Locarno, where independent Indian filmmakers rise and shine

August 9th, 2011 - 2:37 pm ICT by IANS  

Locarno (Switzerland), Aug 9 (IANS) As many as 12 independent filmmakers are in the spotlight at the 64th Locarno International Film Festival. From networking to meeting co-producers to having access to Western audiences, the event is providing them a platform to turn their scripts into movies at the Open Doors section.

“What we are trying to do is to provide access to independent filmmakers to cooperation partners in Western European and other countries. We have sort of pitching exercises where they have an opportunity to present the film,” Martin Dahinden, director general of the Swiss Agency for Development Cooperation, told this visiting IANS correspondent.

“We are organising a lot of contacts with film producers, TV stations, foundations… the networking is most important and we are hoping that those who are coming with their scripts … their scripts one day become a film. This programme supports film production and young people entering the film business and every year we have new guests,” he added.

He said Bollywood is well known and Hindi films are consumed to some extent in Switzerland; “so it would not make sense to bring those films at the festival”.

The ongoing Open Doors Co-Production Lab, which started Saturday, is trying to assist the directors and producers in finding co-production partners for select films - Ajay Raina’s “Aharbal Falls”, Natasha Mendonca’s “Ajeeb Aashiq”, Partho Sen-Gupta’s “Arunoday”, Alka Raghuram’s “Burqa Boxers”, Sourav Sarangi’s “Char, The Island Within”, Satish Manwar’s “Jat Panchayat”, Anup Singh’s “Lasya”, Sidharth Srinivasan’s “Samaadhi”, Vasant Nath’s “Sebastian Wants To Remember”, Shanker Raman’s “The Trapper’s Snare”, Lilium Leonard’s “Thread” and Ashish Avikunthak’s “Vidhvastha”.

At the end of the four-day Lab, a jury will award a prize of 39,000 euros, financed by the Open Doors initiative, with the participation, for the first time this year, of the City of Bellinzona.

Renewing its collaboration with Open Doors, the CNC (Centre National du Cinema et de l’Image Animee, France) will offer a further prize of 7,000 euros to support development. Also this year the International Relations ARTE Prize worth 6,000 euros has been renewed.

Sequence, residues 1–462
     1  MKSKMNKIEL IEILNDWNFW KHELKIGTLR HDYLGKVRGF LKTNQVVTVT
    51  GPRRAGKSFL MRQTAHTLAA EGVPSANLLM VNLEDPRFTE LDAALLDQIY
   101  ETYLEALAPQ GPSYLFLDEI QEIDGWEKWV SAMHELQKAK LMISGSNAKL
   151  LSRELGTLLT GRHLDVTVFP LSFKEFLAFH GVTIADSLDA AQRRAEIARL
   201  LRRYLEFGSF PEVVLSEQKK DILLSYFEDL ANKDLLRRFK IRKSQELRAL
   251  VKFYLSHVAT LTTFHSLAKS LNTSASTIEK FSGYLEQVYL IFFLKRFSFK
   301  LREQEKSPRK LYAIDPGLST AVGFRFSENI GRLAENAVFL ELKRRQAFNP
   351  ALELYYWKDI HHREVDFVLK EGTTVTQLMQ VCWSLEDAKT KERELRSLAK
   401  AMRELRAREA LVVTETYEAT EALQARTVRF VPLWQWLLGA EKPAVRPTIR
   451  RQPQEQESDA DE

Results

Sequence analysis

“This is something very unique with India - it has a very strong film industry, so you would find everything you need to make professional cinema. But even so, like Europe and like in the United States you have a whole scene of independent cinema,” Dahinden told IANS, adding their role is not to go into film production but to bring people together.

Marco Solari, president of the Locarno Film Festival, said “chronologically speaking it is the second film festival” and since its inception it has been supporting young independent filmmakers who want to say something.

“First was the Venice film festival that came in 1932 and second was Locarno, which started in 1946 - it was a festival of protest, critic, young, free, and Locarno has always privileged independent films, which have something to say, young people who want to say things…. Locarno film festival gives a voice to those who couldn’t express themselves.”

Even after 64 years, the function of Locarno is a free independent film festival with no pressure from nowhere, he added.

“There is no political pressure and no pressure from sponsors. There is one condition to be partner in Locarno and the condition is never interfere in the programme,” said Solari who enjoyed watching “Lagaan”, which saw a full house when screened at Piazza Grande here.

Alice Thomann, responsible for culture and development at the Swiss Agency for Development Cooperation, said: “At Open Doors a prize is given to one of the 12 products that are evaluated.

“We also support as the Swiss agency for Development Cooperation funds that provide post-production support to filmmakers from all over the world. And what is important is the amount should go directly to filmmakers and producers. There are no conditions that part of that money has to be spent in Switzerland.”

(Arpana can be contacted at arpana.s@ians.in)

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